Bills the League is Watching
    • SB 5078 Requiring disclosure of five years of tax returns before a presidential or vice-presidential candidate can appear on a ballot. Passed the Senate 28-21. The Attorney General has issued a statement that he believes it is likely constitutional, but that the issue is somewhat murky so he expects that the bill would be challenged in court.
    • SB 5273 Regarding the presidential primary. This bill would move up the date of the Washington presidential primary to the second Tuesday in March (with some exceptions). It would also require voters to declare their affiliation with the party and then vote only on that party’s ballot. Passage of this bill may result in the Democratic Party basing its delegate selection on the primary vote rather than a caucus system. LWVWA opposes a requirement that voters publicly express party preference but does believe that a presidential primary is a more accessible and representative way to select candidates than a caucus system. This bill passed both houses and has been signed by the Governor. The Washington State Democratic Party is currently soliciting input on whether it should use the primary or the caucus to select candidates. That decision will be made by the party on April 7, 2019.
    Bills the League Supported Which Passed
    • SB 5079 Native American Voting Rights Act. Will enable mail-in ballots for those living on native lands but without a recognized street address. SB 5079 passed both the Senate and the House on a strong bipartisan vote, and has been signed by the Governor
    Bills the League Supported Which Did Not Pass
    • HB 1067 Establishes a one-year “cooling off” period before high-level government officials, including elected officials can work as a lobbyist influencing state public policy.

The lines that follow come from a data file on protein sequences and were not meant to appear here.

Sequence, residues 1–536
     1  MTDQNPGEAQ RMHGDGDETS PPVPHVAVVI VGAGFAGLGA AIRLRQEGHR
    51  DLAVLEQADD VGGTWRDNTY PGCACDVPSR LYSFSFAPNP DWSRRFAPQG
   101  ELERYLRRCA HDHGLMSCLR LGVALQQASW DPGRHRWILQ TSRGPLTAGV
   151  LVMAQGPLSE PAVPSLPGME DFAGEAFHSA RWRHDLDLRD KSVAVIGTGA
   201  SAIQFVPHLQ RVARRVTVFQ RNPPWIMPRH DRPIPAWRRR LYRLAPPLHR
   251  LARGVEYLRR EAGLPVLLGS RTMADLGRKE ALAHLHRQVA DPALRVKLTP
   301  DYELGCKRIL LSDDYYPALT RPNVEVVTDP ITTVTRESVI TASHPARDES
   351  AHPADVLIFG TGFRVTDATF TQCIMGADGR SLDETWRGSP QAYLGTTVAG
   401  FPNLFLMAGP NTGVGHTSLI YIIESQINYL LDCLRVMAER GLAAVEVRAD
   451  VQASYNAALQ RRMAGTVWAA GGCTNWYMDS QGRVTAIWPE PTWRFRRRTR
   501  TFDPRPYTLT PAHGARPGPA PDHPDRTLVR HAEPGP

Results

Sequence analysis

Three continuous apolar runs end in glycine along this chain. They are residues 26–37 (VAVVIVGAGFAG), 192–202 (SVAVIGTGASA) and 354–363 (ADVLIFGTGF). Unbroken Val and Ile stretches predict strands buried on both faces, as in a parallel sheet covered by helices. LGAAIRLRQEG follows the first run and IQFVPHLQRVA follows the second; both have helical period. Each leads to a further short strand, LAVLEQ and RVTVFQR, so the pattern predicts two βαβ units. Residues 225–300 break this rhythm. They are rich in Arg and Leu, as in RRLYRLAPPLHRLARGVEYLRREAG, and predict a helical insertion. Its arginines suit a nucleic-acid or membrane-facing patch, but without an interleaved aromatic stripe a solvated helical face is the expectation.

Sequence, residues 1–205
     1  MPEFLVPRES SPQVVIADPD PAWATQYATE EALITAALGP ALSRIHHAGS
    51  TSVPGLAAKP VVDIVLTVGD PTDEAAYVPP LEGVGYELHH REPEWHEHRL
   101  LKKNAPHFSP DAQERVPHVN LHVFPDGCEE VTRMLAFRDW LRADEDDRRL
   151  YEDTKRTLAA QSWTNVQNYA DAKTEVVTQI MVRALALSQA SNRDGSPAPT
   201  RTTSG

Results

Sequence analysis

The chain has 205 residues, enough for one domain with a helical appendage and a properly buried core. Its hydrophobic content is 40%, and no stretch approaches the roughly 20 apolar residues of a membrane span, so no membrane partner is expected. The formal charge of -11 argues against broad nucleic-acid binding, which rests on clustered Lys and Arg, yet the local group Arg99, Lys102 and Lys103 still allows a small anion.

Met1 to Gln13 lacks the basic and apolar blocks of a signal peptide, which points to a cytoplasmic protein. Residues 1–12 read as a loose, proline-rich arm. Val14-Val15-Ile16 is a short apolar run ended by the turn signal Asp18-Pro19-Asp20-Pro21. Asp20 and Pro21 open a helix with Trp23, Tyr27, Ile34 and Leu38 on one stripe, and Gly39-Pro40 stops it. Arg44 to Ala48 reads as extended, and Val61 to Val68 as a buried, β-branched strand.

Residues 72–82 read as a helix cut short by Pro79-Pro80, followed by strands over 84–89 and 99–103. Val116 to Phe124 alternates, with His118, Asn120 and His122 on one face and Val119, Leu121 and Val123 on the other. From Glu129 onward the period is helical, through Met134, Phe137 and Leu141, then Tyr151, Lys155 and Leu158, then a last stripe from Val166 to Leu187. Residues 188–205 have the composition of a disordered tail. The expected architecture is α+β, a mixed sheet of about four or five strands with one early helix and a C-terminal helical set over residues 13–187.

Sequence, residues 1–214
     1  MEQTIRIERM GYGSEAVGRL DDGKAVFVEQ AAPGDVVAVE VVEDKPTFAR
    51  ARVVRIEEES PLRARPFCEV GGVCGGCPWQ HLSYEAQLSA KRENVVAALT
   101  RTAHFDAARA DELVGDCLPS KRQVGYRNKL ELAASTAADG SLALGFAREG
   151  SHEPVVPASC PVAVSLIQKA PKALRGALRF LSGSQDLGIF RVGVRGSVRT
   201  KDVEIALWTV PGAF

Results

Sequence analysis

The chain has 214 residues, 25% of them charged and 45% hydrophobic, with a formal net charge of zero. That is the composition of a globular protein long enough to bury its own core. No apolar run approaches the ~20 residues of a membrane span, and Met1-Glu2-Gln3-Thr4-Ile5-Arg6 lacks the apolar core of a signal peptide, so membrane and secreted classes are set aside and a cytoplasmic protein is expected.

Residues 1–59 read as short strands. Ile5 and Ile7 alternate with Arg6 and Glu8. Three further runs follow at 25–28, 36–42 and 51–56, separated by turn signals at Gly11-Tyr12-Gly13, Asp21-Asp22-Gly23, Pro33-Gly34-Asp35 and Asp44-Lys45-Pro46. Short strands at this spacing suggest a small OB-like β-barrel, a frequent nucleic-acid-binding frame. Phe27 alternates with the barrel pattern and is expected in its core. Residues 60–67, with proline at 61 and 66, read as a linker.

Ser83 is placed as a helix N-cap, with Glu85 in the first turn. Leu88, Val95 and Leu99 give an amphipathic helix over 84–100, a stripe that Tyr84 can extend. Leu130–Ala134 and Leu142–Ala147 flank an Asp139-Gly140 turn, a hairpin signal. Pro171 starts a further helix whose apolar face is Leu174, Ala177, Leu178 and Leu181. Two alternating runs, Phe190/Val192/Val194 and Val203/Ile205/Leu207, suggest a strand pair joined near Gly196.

• HB 1291 / SB 5073 Requiring the state to reimburse County auditors for the proportionate cost of elections involving state offices. This reimbursement is critical for stable election funding and will enable counties to expand efforts such as outreach and cybersecurity.  
    • HB 1924 Including the Department of Corrections (DOC) in the restoration of voting rights for people re-entering our communities ensures that these people are equipped with the information they need to vote before they are released from prison. People in prison can be difficult to reach by outside agencies wishing to help with various aspects of re-entry and the DOC is in the best position to educate people under its jurisdiction about this important right.
    • SB 5076 This bill would allow people who are on parole to register to vote as long as they were in compliance with the conditions of their parole. Currently, that right is not restored until they have completed their term of parole. 
    Bills the League Opposed Which Did Not Pass
    • SJM 8002 Joint memorials encouraging Congress to call for a “limited” Constitutional Convention. The League opposes both of these memorials because there is no way to guarantee that the convention would be limited to issues of free and fair elections. Congress has made no rules about constitutional conventions, so none of the criteria that the League of Women Votes of the United States’s position calls for could be guaranteed. Our call for a constitutional convention could be combined with other states' calls on different topics (balanced budget amendment, anti-choice amendment) in order to meet the threshold required. For more information see this excellent analysis of the threat by Common Cause. 
    Promote the adoption and implementation of election methods that maximize representation and citizen participation.

    Issue Team Chair:
     Barbra Chevalier
     – barbra.n.chevalier [at] gmail.com – (425) 445-2281
    Interested in getting involved with this topic? Click here! 

    Bills the League Supported Which Did Not Pass